Network link 420 typically provides data communication through one or more networks to other data devices. For example, network link 420 may provide a connection through local network 422 to a host computer 424 or to data equipment operated by an Internet Service Provider (ISP) 426. ISP 426 in turn provides data communication services through the world wide packet data communication network now commonly referred to as the “Internet” 428. Local network 422 and Internet 428 both use electrical, electromagnetic or optical signals that carry digital data streams. The signals through the various networks and the signals on network link 420 and through communication interface 418, which carry the digital data to and from computer system 400, are example forms of transmission media.

Computer system 400 can send messages and receive data, including program code, through the network(s), network link 420 and communication interface 418. In the Internet example, a server 430 might transmit a requested code for an application program through Internet 428, ISP 426, local network 422 and communication interface 418.

The received code may be executed by processor 404 as it is received, and stored in storage device 410, or other non-volatile storage for later execution.

Extensions and Alternatives

In the foregoing specification, embodiments of the invention have been described with reference to numerous specific details that may vary from implementation to implementation. The specification and drawings are, accordingly, to be regarded in an illustrative rather than a restrictive sense. The sole and exclusive indicator of the scope of the invention, and what is intended by the applicants to be the scope of the invention, is the literal and equivalent scope of the set of claims that issue from this application, in the specific form in which such claims issue, including any subsequent correction.

Claims (18)

What is claimed is:
1. A data processing method comprising:
generating, by each Interactive Connectivity Establishment (ICE) endpoint computer of a plurality of ICE endpoint computers, a username comprising an identifier, wherein the plurality of ICE endpoint computers are accessible through a single Internet Protocol (IP) address and port number pair;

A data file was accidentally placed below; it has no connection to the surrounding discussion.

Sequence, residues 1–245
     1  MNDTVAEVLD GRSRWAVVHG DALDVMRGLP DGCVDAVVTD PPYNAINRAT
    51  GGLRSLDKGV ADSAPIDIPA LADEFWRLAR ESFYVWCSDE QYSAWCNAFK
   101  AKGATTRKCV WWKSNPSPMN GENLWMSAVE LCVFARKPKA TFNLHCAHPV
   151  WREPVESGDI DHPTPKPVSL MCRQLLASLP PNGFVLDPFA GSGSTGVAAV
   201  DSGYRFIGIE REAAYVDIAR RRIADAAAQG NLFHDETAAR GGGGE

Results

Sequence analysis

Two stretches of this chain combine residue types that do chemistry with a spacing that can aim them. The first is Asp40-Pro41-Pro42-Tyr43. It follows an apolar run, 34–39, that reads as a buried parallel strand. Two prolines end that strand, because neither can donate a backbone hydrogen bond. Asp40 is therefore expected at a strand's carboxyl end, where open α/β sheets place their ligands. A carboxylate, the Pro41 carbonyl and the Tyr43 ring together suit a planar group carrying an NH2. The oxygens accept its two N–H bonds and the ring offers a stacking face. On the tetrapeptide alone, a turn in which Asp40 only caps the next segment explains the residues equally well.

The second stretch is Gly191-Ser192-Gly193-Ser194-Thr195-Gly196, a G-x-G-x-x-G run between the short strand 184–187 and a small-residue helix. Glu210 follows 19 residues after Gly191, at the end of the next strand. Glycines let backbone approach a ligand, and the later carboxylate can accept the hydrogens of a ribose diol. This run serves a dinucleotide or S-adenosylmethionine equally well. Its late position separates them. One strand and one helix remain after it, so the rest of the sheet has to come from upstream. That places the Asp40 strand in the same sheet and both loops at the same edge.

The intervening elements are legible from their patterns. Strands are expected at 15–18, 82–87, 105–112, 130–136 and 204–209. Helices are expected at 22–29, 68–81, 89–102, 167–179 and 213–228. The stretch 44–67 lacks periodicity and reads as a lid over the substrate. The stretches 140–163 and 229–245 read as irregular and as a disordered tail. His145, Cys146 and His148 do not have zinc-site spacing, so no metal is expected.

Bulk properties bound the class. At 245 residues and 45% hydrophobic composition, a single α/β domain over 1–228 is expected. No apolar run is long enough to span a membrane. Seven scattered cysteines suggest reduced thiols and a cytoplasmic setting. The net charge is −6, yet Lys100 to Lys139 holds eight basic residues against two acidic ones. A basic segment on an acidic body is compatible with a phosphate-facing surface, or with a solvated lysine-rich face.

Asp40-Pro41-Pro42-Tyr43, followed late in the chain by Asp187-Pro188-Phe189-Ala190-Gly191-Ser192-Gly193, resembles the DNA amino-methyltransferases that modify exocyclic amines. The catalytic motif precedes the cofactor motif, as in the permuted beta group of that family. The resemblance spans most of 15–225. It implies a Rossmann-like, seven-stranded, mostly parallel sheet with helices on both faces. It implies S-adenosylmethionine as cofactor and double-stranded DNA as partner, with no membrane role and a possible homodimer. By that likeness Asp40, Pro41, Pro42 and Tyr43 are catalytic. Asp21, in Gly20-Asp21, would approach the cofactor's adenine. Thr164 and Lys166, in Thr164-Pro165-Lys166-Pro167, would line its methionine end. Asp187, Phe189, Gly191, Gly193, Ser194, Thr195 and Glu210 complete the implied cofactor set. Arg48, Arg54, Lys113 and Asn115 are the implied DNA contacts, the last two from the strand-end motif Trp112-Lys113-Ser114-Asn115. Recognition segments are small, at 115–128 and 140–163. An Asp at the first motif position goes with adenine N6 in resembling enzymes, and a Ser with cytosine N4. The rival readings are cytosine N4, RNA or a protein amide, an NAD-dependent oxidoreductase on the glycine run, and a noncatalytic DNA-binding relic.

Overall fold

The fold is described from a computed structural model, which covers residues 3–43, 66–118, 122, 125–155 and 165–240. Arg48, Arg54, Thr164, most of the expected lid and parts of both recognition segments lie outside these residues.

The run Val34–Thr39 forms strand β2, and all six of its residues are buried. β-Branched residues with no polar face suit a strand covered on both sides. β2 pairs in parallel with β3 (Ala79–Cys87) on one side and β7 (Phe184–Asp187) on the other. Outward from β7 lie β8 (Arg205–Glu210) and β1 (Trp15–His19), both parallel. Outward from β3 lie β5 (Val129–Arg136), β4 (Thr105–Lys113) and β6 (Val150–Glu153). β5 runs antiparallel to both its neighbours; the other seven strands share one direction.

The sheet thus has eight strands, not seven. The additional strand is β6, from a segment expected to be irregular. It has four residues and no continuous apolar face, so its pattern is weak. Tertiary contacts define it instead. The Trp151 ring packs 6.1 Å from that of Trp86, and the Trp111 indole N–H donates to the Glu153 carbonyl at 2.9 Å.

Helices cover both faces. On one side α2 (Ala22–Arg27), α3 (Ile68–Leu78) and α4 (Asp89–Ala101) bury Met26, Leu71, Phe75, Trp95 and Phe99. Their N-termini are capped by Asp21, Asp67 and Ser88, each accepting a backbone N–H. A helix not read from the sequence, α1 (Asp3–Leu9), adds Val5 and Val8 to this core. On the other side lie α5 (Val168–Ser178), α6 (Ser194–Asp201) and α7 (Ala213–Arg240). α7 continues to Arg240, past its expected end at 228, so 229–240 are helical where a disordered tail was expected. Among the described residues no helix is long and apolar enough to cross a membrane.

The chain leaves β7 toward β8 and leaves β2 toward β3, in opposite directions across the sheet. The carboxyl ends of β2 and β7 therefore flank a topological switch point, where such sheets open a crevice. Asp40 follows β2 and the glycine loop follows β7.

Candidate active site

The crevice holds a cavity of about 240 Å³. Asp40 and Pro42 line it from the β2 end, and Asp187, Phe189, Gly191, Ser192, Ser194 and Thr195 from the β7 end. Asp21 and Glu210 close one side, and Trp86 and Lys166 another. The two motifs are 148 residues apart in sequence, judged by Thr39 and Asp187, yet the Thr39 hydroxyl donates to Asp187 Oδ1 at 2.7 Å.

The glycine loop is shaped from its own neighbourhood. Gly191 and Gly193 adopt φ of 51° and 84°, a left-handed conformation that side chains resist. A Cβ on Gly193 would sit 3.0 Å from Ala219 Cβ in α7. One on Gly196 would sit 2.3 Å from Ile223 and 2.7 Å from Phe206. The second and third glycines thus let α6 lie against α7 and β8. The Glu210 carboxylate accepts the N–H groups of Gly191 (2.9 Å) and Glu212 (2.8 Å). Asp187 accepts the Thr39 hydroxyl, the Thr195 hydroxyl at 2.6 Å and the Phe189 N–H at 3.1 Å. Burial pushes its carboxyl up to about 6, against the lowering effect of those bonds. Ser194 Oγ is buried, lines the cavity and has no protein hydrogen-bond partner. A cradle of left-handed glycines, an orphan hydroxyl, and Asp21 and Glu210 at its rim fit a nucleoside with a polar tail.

each ICE endpoint computer sending at least the username to a server computer for use in establishing a session between a specific ICE endpoint of the plurality of ICE endpoint computers and a client computer;
receiving, at a proxy associated with the plurality of ICE endpoint computers, a datagram from the client computer for the specific ICE endpoint computer, wherein the datagram comprises the username;
in response to attributes of the datagram not matching an entry in a table of the proxy, extracting the identifier from the username;
forwarding, by the proxy, the datagram to the specific ICE endpoint based on the identifier;
receiving, at the proxy associated with the plurality of ICE endpoint computers, a second datagram from a second client computer for the specific ICE endpoint computer, wherein the second datagram does not include the username;
in response to attributes of the second datagram not matching an entry in a table of the proxy and the second datagram not including the username, dropping the second datagram by the proxy.
2. The method of claim 1, wherein the session is for video conferencing.
3. The method of claim 1, further comprising the proxy storing the identifier in the table.
4. The method of claim 1, wherein the identifier comprises an IP address and a port number.
5. The method of claim 4, further comprising randomly generating the username and appending the identifier to the username.
6. The method of claim 1, further comprising creating and storing the table as a shared table that is accessible by a plurality of proxies.
7. The method of claim 1, further comprising, in response to attributes of the datagram matching a particular entry in the table, forwarding the datagram based on the particular entry.
8. The method of claim 1, wherein the proxy is programmed to provide Network Address Translation (NAT).
9. The method of claim 1, wherein at least one of the plurality of ICE endpoint computers execute ICE Lite.
10. A computer system comprising:
a plurality of Interactive Connectivity Establishment (ICE) endpoint computers accessible through a single Internet Protocol (IP) address and port number pair, each ICE endpoint computer comprising one or more processors and electronic digital memory storing one or more sequences of instructions which, when executed by the one or more processors, cause the one or more processors to perform:
generating a username comprising an identifier;